|Megachile relativa |
common name Leafcutter bee
Prefers nesting sites at woodland edges (Medler & Koerber 1958); bores into wood (Krombein et al.).
Emerge early July to early August (Fye 1965). May to October in southern parts (Mitchell 1962).
Females: Relatively small body size with a length of 9-12 mm, stout and completely black body with yellow spurs (articulated spine). Eyes become slightly convergent near the bottom. Soft downy hair (pubescence) is white and is quite dense around the antennae, lower face, cheeks, lateral and posterior thorax, lateral abdomen, and between dorsal abdomen segments. Wings are subhyaline (sub transparent). Large cheeks, only slightly wider than the eyes and mouth mandibles have 5 tooth projections. Pollen collecting “scopa” on the ventral abdomen with dense yellowish short hairs. (Mitchell 1962).
Males: Body length of 8-10 mm, stout and completely black body and slightly reddish legs. Eyes become slightly convergent near the bottom. Large cheeks that are slightly wider then the eyes and mouth mandibles have 3 tooth projections. Pubescence are white and very dense around the antennae, lower face, cheeks below, lateral and posterior thorax. Wings are subhyaline (sub transparent). Tergum (dorsal abdomen segment) 7 is prominent, broad, short and has a deep excavation. Sternum (ventral abdomen segment) 5 is short and restricted. Sternum 6 has few setae on each side of the midline with no obvious apical lobe. Genital armatures have slender gonocoxites with a sharp appearing apex. (Mitchell 1962).
Reported univoltine (one generation reaches maturity per year) in Ontario and bivoltine (two generations reaches maturity per year) in Wisconsin (Fye 1965, Medler & Lussenhop 1968). Nests are constructed by the mother bee with loosely packed leaf pieces to create the thimble-shaped cells and the nest entrance is plugged with circular leaf pieces (Medler & Koerber 1958) followed by a layer of chewed leaves and clay (Fye 1965, Medler & Koerber 1958). Nests appear rough in texture (Fye 1965). Eggs are laid in the cells and hatch 2 - 3 days later. There are 4 larval stages, which feed on the provisioning left by the mother bee (Medler & Koerber 1958). The last larval stage produces a reddish brown silk cocoon in the cell and pupates approximately 7 to 10 days later and all of the adult bees in the nest emerge at the same time (Medler & Koerber 1958). Nesting under rocks has been observed in Wisconsin (Medler & Lussenhop 1968). Nest site competition has been observed where eumenid and pompilid wasps take over M. relativa nests and vica versa (Medler & Koerber 1958). Parasitism by parasitic bees includes Coelioxys spp. and the large chalcoid wasp Leucospis affinis (Krombein 1970, Medler & Koerber 1958).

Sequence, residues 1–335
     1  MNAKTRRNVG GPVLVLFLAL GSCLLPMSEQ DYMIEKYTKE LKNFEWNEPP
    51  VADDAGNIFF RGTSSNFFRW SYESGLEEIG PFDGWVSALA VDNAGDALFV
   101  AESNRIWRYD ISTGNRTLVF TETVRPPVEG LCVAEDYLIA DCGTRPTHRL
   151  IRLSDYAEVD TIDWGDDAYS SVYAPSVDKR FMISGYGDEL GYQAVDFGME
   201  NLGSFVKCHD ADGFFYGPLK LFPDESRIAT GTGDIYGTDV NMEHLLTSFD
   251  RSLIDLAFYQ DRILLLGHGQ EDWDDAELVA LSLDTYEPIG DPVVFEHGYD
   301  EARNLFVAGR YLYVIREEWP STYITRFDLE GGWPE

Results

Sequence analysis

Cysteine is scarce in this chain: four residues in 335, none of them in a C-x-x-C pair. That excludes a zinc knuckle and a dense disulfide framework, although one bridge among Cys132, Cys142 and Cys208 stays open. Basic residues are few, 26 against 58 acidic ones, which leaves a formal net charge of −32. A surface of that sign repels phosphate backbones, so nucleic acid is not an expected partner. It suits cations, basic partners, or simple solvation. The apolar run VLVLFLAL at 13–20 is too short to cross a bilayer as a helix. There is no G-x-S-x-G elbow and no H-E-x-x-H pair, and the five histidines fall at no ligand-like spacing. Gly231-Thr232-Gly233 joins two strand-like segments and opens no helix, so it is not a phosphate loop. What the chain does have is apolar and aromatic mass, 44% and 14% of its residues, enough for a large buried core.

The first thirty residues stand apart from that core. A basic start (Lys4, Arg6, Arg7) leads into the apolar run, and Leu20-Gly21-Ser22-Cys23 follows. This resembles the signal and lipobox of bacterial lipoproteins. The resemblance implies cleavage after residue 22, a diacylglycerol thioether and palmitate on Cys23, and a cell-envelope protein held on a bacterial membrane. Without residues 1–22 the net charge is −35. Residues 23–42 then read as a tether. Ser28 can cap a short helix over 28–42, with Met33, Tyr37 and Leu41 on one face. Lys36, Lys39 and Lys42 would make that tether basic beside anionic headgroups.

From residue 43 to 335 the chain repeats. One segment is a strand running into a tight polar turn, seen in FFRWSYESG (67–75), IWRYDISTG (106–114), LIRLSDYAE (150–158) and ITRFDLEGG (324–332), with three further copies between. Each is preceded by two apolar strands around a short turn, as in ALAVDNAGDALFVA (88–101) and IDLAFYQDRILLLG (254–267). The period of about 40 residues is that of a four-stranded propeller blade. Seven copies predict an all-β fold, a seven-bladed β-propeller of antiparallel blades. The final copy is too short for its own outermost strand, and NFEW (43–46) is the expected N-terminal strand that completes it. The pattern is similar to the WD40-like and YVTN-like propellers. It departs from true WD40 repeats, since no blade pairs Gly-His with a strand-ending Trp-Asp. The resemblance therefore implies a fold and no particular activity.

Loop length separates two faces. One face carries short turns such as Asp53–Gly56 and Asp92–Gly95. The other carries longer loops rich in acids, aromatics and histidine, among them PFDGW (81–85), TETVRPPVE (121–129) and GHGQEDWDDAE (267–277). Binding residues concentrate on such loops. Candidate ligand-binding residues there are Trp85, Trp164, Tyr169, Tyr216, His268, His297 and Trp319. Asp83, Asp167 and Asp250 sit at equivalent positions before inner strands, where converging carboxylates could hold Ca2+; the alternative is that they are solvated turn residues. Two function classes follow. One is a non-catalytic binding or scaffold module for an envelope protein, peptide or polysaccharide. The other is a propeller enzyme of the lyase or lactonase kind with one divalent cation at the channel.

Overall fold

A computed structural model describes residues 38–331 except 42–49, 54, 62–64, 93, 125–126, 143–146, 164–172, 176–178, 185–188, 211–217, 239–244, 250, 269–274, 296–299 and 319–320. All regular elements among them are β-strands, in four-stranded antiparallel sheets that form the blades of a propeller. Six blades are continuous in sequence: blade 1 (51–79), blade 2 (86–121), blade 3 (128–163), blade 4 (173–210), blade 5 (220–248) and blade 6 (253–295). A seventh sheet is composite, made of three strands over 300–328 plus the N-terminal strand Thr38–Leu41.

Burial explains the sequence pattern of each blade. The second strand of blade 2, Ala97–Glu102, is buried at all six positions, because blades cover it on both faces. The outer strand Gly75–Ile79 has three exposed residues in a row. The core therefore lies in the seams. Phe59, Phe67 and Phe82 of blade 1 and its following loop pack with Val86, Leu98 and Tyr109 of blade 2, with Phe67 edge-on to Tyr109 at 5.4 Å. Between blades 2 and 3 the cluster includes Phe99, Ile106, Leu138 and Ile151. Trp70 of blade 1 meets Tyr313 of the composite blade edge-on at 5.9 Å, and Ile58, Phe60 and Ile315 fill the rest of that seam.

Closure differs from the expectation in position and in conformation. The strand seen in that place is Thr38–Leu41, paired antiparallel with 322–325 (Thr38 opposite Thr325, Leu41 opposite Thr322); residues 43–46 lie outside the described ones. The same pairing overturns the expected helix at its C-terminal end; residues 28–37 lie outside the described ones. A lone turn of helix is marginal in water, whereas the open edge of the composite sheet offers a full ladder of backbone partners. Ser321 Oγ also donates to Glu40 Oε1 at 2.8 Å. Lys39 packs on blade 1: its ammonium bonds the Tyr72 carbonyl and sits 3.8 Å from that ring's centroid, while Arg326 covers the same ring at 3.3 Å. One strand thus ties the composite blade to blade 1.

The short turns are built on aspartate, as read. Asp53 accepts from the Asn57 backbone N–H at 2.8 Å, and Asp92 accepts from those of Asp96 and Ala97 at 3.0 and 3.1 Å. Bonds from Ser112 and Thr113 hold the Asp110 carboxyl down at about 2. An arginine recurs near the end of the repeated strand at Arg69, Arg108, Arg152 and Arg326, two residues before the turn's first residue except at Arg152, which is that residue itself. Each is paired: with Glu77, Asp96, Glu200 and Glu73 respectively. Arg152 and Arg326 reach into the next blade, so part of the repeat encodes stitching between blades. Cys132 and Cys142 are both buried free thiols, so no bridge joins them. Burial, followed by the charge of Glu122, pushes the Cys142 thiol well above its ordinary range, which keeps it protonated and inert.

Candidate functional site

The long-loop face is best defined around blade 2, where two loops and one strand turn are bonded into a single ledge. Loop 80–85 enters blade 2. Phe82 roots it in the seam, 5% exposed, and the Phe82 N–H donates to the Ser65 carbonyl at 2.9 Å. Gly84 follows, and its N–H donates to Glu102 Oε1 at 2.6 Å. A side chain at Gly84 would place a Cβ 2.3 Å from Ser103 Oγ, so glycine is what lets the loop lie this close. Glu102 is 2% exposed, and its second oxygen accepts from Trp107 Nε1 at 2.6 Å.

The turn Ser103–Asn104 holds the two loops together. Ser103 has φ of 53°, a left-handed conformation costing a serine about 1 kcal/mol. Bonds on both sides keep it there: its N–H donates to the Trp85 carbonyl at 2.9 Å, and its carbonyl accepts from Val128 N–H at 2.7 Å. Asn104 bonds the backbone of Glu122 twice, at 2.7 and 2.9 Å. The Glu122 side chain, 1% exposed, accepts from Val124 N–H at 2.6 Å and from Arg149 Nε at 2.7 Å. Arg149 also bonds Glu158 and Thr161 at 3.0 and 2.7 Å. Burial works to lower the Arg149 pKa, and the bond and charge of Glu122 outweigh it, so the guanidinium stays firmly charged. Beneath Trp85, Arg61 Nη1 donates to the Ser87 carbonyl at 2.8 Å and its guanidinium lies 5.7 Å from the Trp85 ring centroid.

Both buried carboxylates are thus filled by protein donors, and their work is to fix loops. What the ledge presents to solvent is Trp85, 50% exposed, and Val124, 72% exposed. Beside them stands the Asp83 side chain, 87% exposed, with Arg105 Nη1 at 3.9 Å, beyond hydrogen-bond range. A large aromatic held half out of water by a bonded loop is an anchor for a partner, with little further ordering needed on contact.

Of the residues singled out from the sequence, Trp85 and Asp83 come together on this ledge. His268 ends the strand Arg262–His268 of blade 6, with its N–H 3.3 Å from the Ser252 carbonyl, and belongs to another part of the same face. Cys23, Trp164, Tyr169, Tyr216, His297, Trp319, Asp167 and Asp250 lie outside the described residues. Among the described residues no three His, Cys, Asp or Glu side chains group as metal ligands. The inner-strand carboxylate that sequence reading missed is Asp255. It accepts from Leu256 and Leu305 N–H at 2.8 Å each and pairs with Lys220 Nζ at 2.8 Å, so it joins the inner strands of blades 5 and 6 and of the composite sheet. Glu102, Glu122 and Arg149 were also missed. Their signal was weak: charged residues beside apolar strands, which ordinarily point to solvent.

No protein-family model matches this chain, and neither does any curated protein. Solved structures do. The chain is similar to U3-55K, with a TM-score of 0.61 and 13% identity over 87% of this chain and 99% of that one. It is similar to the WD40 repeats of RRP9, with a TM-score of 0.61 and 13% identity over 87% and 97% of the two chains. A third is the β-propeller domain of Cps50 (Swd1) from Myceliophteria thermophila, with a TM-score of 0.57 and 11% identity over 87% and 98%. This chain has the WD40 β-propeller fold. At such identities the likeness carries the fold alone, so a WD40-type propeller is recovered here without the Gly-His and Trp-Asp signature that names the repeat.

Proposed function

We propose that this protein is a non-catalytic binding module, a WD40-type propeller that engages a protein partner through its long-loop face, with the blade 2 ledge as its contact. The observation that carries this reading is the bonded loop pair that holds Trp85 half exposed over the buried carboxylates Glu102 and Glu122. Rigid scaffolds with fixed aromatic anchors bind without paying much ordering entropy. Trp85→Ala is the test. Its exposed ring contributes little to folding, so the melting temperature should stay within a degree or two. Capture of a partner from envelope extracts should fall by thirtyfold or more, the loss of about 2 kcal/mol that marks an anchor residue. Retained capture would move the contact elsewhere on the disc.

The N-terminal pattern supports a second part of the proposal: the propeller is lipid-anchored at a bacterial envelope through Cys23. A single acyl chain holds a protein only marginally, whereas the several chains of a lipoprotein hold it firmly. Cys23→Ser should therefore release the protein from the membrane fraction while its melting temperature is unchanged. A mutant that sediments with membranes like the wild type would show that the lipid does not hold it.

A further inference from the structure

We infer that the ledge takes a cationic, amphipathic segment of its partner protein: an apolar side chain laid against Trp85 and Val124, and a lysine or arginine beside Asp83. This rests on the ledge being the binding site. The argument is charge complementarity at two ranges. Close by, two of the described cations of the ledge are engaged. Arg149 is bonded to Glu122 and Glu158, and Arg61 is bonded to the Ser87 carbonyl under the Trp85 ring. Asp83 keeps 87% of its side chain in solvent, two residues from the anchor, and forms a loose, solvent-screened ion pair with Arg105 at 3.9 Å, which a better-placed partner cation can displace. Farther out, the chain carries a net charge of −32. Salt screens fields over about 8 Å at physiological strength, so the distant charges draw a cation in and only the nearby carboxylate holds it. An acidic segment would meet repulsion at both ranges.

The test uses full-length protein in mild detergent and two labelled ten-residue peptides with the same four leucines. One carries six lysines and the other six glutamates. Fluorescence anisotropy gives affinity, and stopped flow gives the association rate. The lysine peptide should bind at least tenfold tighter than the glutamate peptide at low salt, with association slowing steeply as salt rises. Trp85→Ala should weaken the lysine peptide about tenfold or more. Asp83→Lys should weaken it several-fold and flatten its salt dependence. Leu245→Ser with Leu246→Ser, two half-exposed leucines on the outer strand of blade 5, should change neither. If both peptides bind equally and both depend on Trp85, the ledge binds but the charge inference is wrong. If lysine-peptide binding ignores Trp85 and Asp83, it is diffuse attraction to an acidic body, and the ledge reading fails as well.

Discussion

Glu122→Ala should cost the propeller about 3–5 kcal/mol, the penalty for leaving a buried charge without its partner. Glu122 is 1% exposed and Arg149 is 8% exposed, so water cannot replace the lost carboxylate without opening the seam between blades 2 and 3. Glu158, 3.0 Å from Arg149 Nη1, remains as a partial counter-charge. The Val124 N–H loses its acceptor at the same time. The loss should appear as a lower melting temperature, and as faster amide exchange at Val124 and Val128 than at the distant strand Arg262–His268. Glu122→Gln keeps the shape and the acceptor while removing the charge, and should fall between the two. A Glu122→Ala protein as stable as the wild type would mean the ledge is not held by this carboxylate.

No information indicating any concern.
Polylectic (collects pollen from wide range of flowering plants) (Krombein et al. 1970). Pollen from various flowers includes Aster spp. and Rubus spp. (Krombein et al., Medler & Koerber 1958). Commonly cut leafs for their nests from flower species including Amelanchier spp., Epilobium anustifolium and Lonicera canadensis (Fye 1965).
MacKenzie to Newfoundland and south to Arizona, Tennessee, California, Illinois and Georgia (Krombein et al. 1970).
|species page author||Tirlea, D.||2005 |